Viagra may help to fight cancer: New study

Representational Image
Representational Image

New Delhi : While medical experts are trying hard to find treatment to cure cancer, a new study reveals that Viagra may help to fight cancer. The clinical research by experts in Ecancermedicalscience found that the class of drugs prescribed to treat male erectile dysfunction can be incorporated in the new experiment for anti-cancer drugs.

Viagra is a medication used to treat erectile dysfunction and pulmonary arterial hypertension.

The researchers at Ecancermedicalscience identified that selective phosphodiesterase 5 (PDE5) inhibitors have the potential to be used in new drug trials. These PDE5 inhibitors are a class of drugs that include drugs more commonly known by their brand names - Viagra, Cialis, and Levitra.

"In many respects sildenafil is the ultimate repurposing success story," said researcher Pan Pantziarka. "It was originally developed for angina, repurposed for erectile dysfunction and then again for pulmonary arterial hypertension, and now it has the potential to be repurposed again as an anti-cancer drug."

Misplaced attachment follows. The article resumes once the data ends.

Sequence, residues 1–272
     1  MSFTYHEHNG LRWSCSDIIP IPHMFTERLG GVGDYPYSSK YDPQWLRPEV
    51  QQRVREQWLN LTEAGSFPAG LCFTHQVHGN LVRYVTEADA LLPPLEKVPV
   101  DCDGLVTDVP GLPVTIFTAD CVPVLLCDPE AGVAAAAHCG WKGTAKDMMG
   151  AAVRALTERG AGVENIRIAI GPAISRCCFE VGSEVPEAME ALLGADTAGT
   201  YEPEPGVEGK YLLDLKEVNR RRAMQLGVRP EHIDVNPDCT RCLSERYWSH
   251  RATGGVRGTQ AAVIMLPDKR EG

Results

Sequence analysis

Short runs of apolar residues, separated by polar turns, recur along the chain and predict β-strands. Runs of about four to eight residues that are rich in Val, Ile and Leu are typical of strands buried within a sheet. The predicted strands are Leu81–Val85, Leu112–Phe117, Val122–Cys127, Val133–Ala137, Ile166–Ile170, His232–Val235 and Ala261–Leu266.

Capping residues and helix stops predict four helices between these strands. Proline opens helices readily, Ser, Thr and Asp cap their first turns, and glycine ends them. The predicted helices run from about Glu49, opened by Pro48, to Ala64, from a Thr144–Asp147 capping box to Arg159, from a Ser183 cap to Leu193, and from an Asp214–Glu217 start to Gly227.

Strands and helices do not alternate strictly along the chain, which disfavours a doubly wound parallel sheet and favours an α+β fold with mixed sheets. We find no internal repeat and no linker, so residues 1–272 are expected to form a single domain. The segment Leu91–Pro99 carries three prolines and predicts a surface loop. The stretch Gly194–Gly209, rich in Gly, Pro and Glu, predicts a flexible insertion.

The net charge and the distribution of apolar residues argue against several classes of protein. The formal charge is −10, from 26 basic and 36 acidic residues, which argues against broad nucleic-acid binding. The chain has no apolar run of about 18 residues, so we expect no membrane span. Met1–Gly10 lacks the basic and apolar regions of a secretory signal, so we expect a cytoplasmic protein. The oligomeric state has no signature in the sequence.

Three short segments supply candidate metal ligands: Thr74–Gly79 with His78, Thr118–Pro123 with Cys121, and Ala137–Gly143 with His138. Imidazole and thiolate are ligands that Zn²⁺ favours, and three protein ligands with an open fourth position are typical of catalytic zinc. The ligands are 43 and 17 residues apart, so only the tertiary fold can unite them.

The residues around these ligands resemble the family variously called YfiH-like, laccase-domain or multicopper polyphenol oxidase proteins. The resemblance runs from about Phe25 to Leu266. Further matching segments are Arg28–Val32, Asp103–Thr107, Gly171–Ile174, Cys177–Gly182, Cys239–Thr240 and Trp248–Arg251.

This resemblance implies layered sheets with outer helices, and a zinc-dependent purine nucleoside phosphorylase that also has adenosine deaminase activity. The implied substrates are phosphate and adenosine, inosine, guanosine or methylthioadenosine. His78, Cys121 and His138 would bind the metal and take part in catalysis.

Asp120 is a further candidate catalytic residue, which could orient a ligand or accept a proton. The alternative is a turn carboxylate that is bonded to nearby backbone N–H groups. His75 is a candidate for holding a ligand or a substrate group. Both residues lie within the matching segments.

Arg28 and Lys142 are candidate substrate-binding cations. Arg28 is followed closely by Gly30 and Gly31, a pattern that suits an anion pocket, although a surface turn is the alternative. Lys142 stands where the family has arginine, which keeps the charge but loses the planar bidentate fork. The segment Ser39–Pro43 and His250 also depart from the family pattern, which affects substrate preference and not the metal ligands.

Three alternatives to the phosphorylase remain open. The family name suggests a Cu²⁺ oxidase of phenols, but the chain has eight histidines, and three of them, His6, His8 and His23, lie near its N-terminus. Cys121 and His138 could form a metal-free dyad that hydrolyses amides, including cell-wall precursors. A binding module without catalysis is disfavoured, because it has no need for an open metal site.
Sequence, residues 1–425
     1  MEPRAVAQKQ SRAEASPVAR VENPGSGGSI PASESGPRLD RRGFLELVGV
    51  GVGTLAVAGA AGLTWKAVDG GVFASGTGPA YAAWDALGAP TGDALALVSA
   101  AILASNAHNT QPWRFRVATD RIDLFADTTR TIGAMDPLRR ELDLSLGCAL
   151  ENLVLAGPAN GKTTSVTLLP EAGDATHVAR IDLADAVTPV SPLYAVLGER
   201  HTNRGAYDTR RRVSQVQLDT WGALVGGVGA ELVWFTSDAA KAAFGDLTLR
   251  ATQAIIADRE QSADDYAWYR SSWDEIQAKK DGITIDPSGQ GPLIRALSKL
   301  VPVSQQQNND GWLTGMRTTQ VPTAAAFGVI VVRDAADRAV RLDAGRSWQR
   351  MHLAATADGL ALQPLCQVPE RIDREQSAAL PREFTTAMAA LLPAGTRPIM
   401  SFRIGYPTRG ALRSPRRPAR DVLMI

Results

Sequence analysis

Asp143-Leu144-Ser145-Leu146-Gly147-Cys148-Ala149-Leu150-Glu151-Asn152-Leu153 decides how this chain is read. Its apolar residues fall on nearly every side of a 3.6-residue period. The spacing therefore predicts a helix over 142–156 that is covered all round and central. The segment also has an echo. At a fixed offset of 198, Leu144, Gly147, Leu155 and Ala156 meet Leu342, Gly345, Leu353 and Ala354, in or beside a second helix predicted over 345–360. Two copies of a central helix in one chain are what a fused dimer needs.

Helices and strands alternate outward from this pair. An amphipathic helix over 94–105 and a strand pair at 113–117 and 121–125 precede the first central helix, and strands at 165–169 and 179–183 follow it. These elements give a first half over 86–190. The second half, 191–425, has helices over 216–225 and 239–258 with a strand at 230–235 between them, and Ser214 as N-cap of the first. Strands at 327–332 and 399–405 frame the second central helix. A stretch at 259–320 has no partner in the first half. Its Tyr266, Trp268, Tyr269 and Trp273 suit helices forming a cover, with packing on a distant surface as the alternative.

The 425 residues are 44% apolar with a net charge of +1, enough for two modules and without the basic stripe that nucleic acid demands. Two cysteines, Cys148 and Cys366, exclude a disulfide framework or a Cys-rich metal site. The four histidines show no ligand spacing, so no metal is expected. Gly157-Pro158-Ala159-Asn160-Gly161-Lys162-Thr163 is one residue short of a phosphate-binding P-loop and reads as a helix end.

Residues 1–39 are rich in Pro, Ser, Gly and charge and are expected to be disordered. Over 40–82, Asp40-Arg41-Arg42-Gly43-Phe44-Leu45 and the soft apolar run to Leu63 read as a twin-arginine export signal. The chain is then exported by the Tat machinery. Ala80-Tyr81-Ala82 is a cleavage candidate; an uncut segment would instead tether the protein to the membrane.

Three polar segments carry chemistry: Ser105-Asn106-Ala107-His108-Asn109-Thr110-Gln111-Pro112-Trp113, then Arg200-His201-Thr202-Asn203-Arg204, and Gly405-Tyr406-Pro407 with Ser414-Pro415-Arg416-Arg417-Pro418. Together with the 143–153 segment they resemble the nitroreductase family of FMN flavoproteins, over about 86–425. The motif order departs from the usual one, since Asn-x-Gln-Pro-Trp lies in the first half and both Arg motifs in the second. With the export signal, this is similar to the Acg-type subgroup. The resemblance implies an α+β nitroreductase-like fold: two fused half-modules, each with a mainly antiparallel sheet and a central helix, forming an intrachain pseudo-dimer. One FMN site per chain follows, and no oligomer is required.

PDE5 inhibitors showed a wide range of mechanisms of action in different cancer types, such as glioblastoma multiforme - a rare disease where clinically meaningful advances are desperately needed.

"Checkpoint inhibitors have radically altered the landscape in oncology, but there remain significant challenges in terms of increasing the number and duration of responses," Pantziarka explained.

"Emerging evidence suggests that PDE5 inhibitors may be one mechanism for achieving this."

The research also studied the issue that finding new agents that are able to cross the blood-brain-barrier is a challenge, which severely limits the range of drugs available to treat brain tumours.

However, there are evidences that drugs not currently licensed for cancer treatment like the PDE5 inhibitors, are able to increase permeability so that drug delivery to brain tumours is improved - thereby potentially opening the door to new therapeutic options for patients.

These low-cost, low-toxicity drugs might suit the current and emerging standard of treatments in oncology. The study has been published in the open access journal Ecancermedicalscience.

 

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